The genetic alteration of microorganisms will not be so much of a problem of introducing foreign genes into the organism but more a matter of understanding and controlling the regulatory pathways for the expression of such genes. However, such understandings will provide valuable insights into genetics, not only for increasing the productivity of microorganisms on Mars but possibly for Earth.

I’ve got very strong reservations about genetic engineering and modification, but here there is a strong case if it can be used to bring life to a sterile world. Assuming, that is, that Mars does not already possess life. In a way, the article’s ironic. Over a century ago, H.G. Wells had a germ, the common cold, destroy the invading Martians in his book, The War of the Worlds. Now terrestrial scientists are discussing using such organisms as ways to creating a living environment on the Red Planet.


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2 Responses to “British Interplanetary Society Paper on Terraforming Mars with Microorganisms”

  1. Florence Says:

    There appears little need to create GMOs for terraforming. We already have the real deal here on earth. Back 3.6 billion years ago, when first life is thought to have arrived/ developed / etc there wasn’t an oxygen based atmosphere. It was anoxic, and the first organisms (the archeao bacteria) were very sensitive to oxygen, and there are still many that find oxygen toxic. These are still found in many places including the human gut! Some microorganisms developed oxygen tolerance and that allowed them to use new food sources, and they began adding oxygen to the atmosphere. These organisms then used this evolutionary advantage to evolve and diversify. When I studied anaerobic bacteria the main problems were sensitivity to oxygen – very difficult to remove from all materials prepared in the standard lab – and the slow growth rate (making the rapid generation of results for research funding cycles pretty difficult).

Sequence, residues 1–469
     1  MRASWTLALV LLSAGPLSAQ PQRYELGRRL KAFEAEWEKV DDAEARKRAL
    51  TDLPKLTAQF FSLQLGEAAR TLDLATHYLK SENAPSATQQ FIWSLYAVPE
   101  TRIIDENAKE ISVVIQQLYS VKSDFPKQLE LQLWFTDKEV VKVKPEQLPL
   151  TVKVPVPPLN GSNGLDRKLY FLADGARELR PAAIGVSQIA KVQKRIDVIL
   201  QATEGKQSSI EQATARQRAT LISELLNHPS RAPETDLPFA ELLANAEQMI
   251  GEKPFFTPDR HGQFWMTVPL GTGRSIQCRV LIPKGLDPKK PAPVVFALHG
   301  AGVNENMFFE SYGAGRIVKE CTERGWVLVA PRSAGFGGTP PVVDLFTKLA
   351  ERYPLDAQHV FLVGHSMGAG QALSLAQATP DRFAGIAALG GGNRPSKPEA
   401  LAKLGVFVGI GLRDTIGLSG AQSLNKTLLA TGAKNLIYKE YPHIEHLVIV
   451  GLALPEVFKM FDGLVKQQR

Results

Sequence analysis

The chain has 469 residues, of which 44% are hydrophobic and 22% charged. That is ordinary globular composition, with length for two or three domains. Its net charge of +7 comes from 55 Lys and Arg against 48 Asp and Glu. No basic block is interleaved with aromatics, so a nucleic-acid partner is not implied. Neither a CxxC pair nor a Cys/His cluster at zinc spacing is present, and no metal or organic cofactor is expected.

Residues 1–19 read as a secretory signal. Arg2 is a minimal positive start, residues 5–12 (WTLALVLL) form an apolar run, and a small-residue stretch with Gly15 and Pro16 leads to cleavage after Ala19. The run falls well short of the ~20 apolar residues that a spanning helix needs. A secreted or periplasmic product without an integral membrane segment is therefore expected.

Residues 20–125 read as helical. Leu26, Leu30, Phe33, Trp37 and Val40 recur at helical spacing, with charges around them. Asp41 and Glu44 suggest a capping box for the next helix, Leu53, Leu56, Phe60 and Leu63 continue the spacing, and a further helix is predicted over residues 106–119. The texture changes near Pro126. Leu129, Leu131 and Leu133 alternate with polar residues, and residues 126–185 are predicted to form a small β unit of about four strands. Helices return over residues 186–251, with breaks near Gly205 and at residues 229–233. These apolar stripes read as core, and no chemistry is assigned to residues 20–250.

Then there are the organisms that can grow in both aerobic and anaerobic environments. These are the ones that would be useful in terraforming if the aim was to develop a breathable atmosphere for humans and other animals. These live on very basic nutrients of sulphur and iron containing minerals, plus water. I think the “red” planet would be a great place to find these organisms, and vee may not even need to send ours over, but to stimulate the environmental conditions that would allow the planet to terraform itself. I recall the so-called search for life on the early Mars probes left me speechless – they were just totally inappropriate. But that’s can other story! Thankyou for reminding me of the whole area of microbial life here and across the solar system! Happy New Year, too!

    • beastrabban Says:

      Thanks for the New Year’s greeting and the information – this is fascinating stuff! Regarding the attempts to find life on Mars with the Viking lander, which got there in 1976, Heather Couper, the astronomer and science writer and broadcaster, said something very much like that several years ago at the Cheltenham Festival of Science. I’m afraid I can’t remember the details, but she made the point that the experiments on board the lander were very limited in what they actually looked for, and that by looking for other indicators it was very possible indeed that the probes had actually found life. She certainly believed so, and by the end of the her talk had convinced most of the people in the room.